The grains sat around in a big mason jar for awhile, a bit intimidating, since I had to grind it, but then I went to work with a stone mill I recently bought. I made a simple flat bread, using this recipe (I mean, it can hardly be called a recipe since it is simply flour, oil, water and salt) and then a method where you cook it on a cast iron griddle (about 30 seconds a side), then put it directly, and I mean directly, on the flame. Wheat may puff up into a ball when you do so, but emmer is weaker in terms of its gluten structure, so it only puffed up in places. Now charring here and there, because you keep turning and flipping it on the flame, I spread a bit of butter over it -- and that was lunch with somes beans and salad.
Then, inspired by the work of another baker over at the blog Stir the Pots, I tried making the bread. (His emmer came from Cayuga Pure Organics but is probably the same as mine). This was a difficult enterprise for the dough lacked what bakers call "tolerance," which is a very different concept from the even-handed and thoughtful qualities we associate with the word. For bakers, tolerance means the ability of the dough to rise and hold its shape, which in turn reflects the quality of gluten proteins in the flour. When gluten is weak, the acids in sourdough sometimes help the loaf to strengthen and hold its shape, but no such luck this time. The dough, which was also too moist (frankly, I was winging it), kept spreading out. Not wanting to make another flat bread, I instead loosely shaped the dough and plopped it in a loaf pan. The second piece of dough was even less amenable to shaping, so I simply mixed in an equal amount of white flour and water, so that I had a dough that was half emmer, half white. That worked out and resulted in the loaf pictured above.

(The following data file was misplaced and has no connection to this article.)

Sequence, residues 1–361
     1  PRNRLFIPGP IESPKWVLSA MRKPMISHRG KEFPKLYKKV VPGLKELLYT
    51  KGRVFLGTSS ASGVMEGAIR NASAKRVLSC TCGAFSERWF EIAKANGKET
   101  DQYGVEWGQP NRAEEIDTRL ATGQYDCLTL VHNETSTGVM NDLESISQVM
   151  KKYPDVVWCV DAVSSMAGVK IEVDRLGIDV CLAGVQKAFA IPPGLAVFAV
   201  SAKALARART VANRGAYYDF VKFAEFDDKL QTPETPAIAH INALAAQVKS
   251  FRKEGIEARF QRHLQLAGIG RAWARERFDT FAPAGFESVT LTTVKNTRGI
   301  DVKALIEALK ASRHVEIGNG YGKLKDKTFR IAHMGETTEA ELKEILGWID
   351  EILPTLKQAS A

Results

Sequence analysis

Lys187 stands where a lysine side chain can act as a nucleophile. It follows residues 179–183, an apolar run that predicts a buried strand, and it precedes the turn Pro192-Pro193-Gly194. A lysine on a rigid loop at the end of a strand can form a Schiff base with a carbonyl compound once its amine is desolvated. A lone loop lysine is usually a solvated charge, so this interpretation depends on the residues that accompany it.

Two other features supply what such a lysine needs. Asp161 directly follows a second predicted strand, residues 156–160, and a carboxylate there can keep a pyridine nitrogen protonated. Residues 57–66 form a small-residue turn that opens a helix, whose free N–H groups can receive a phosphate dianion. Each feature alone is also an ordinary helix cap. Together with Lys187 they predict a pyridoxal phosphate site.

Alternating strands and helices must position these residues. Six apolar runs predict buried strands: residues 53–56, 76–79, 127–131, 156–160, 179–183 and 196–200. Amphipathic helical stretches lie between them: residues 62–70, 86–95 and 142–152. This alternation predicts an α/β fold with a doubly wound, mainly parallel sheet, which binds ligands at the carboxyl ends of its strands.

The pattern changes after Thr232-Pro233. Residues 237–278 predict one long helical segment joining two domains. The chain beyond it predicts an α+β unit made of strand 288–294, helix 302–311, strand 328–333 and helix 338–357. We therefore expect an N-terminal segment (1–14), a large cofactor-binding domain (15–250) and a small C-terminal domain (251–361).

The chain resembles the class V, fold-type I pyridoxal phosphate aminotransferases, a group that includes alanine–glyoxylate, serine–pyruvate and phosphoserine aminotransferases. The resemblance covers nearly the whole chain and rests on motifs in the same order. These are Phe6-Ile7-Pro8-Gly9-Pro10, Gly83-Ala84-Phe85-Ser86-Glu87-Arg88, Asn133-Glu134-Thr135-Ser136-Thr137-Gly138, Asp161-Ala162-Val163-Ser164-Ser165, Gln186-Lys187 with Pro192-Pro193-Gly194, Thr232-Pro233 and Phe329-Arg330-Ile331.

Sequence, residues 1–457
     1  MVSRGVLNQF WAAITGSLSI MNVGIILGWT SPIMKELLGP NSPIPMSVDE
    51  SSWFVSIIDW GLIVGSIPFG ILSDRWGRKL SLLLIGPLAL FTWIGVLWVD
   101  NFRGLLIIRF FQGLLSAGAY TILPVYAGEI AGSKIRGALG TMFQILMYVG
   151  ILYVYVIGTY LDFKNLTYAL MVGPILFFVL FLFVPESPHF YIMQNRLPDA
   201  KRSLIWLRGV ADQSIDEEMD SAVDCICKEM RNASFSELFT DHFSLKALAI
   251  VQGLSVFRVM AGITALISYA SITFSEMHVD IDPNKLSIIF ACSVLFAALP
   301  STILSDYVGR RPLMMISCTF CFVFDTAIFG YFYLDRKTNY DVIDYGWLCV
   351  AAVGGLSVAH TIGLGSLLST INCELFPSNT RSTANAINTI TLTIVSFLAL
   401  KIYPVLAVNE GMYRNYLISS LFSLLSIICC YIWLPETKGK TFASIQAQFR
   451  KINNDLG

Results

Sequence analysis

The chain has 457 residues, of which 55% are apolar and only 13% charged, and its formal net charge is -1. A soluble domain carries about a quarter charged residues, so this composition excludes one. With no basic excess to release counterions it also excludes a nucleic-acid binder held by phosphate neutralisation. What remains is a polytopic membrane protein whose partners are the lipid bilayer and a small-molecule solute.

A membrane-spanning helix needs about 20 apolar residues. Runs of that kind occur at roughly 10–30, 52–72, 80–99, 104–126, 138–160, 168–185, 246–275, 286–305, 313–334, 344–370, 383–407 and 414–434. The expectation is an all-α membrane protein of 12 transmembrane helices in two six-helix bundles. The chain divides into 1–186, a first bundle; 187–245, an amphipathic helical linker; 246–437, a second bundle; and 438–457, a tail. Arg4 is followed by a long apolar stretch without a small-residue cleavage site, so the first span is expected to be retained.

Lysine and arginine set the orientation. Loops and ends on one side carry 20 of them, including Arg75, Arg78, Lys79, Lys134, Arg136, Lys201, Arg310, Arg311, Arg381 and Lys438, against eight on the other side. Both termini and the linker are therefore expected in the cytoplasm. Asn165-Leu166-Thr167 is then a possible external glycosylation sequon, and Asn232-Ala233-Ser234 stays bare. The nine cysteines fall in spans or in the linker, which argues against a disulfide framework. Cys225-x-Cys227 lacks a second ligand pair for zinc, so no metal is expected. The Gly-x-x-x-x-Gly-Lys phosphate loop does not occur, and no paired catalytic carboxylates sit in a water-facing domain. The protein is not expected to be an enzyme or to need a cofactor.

Though the 100% emmer loaf (not pictured) was a bit tight in the crumb, it was also quite soft. Both loaves also had a remarkable taste, which as I thought about it, reminded me of smoldering oak bark, or roasting acorns, but without the bitter overtones you sometimes find in whole wheat. The flavor stuck on the tongue long after I had eaten the bread and was also much more pronounced than in the flat bread I made, which I'd attribute to the emmer sourdough leaven I used. The lactobacillus culture brought out the flavor of the grain, which was delicious. No wonder if was so popular 10,000 years ago.
I spent a wonderful couple of days last May with Mike Zakowski, a baker in Sonoma who graciously took me into his backyard bakery where he was making loaves. I was curious about him, because he worked entirely by hand and was also in training to compete in the world cup of baking. These seemed like polar opposite pursuits.